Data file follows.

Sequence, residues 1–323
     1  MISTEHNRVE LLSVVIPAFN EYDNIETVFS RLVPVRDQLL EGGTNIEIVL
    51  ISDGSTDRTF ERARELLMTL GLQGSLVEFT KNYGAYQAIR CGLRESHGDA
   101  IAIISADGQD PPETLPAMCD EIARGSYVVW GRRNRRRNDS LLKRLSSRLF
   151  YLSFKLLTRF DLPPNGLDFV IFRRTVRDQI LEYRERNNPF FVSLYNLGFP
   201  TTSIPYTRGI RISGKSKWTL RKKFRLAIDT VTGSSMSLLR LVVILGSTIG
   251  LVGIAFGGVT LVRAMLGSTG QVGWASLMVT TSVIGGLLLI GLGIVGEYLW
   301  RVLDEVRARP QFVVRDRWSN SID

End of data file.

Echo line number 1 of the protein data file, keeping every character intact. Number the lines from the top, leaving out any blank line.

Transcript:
Sequence, residues 1–323